Lion King vs. Hamlet

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Lucas Verde Dr. Arendt ENG4U -2 26 January 2015 Hakuna Matata? That is the Question A mother says to her young child, “Honey, come downstairs and watch Hamlet!” A statement which might sound ludicrous at first, is in reality, more sensible than one might think. Since 1994, The Lion King has been a must-see film for children all around the world. Its 8.5 rating on IMDB lists it alongside of some of the greatest movies ever made. Children’s movies that were released around this time were all shallow and simplistic. The reason why The Lion King was so successful is because it was an unexpected and pleasant anomaly. The Lion King is a story of responsibility and revenge, masked by a setting that is known to be appealing to children.…show more content…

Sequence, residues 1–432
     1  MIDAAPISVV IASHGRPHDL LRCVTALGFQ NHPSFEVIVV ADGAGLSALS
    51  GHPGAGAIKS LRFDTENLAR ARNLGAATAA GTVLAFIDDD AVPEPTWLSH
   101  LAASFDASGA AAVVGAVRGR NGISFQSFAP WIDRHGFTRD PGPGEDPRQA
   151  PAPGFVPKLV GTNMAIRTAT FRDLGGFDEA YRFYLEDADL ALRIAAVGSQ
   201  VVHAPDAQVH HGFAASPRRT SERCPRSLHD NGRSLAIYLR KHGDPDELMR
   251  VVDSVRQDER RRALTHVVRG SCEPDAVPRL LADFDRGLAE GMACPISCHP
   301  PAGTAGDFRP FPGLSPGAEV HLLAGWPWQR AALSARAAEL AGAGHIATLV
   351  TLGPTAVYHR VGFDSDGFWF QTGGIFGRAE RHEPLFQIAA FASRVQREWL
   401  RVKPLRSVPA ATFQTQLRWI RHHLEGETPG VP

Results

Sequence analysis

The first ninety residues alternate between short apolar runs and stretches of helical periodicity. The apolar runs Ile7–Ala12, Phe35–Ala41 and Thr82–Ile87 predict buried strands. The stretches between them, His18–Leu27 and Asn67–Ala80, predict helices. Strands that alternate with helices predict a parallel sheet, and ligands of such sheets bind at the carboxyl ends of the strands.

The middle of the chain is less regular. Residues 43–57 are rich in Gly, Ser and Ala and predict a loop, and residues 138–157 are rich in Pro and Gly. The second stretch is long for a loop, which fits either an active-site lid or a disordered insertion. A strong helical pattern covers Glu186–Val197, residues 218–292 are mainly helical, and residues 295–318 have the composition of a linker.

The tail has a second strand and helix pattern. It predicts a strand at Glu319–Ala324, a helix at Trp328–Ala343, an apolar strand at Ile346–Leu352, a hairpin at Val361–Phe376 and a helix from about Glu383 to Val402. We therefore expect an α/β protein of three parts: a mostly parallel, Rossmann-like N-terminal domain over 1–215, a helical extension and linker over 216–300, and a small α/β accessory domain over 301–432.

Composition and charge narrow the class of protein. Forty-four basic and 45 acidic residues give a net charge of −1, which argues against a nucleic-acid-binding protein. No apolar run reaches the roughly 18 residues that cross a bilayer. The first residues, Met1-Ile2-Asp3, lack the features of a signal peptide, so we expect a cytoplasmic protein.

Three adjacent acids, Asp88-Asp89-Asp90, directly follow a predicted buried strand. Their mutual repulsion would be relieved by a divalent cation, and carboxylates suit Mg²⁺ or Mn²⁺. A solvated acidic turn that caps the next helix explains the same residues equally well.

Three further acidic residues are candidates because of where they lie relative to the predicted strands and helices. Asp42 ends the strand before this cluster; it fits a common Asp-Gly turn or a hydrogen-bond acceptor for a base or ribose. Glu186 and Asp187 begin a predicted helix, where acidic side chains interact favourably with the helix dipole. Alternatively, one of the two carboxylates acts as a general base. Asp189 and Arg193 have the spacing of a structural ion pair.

Scar and Claudius were both represented as cowards. Examples of this lie in the murders of their brothers. Being physically and morally weak, Scar killed Mufasa at a time where he was defenseless, begging for scar to save him, seconds away from death. The same goes for Claudius, as he poisoned King Hamlet as he was sleeping. Comparisons between the deaths of these two characters can be made as well. The poisoned chalice in which Claudius originally used to try to kill Hamlet, resulted in the cause of his own death. Hamlet forced Claudius to drink the cup and said “Here, thou incestuous, murderous, damnèd Dane, Drink off this potion. Is thy union here? Follow my mother” (5.2.355-59). In The Lion King, Scar used the hyenas to try to kill Simba, but it was the hyenas who ultimately took Scar’s life to revenge how they were treated. On the surface, it would appear as if the comparable characters to Hamlet’s Rosencrantz and Guildenstern would be Simba’s friends Timone and Pumba. However, that was not the case. The hyenas were in fact the modern representation of Rosencrantz and Guildenstern. This was due to the fact that Rosencrantz and Guildenstern in reality were not true friends of Hamlet. The reason why they appear in the play was not because they were concerned for Hamlet’s well-being, it was because they were hired and paid by the King and Queen, as shown in 2.2: KING. The
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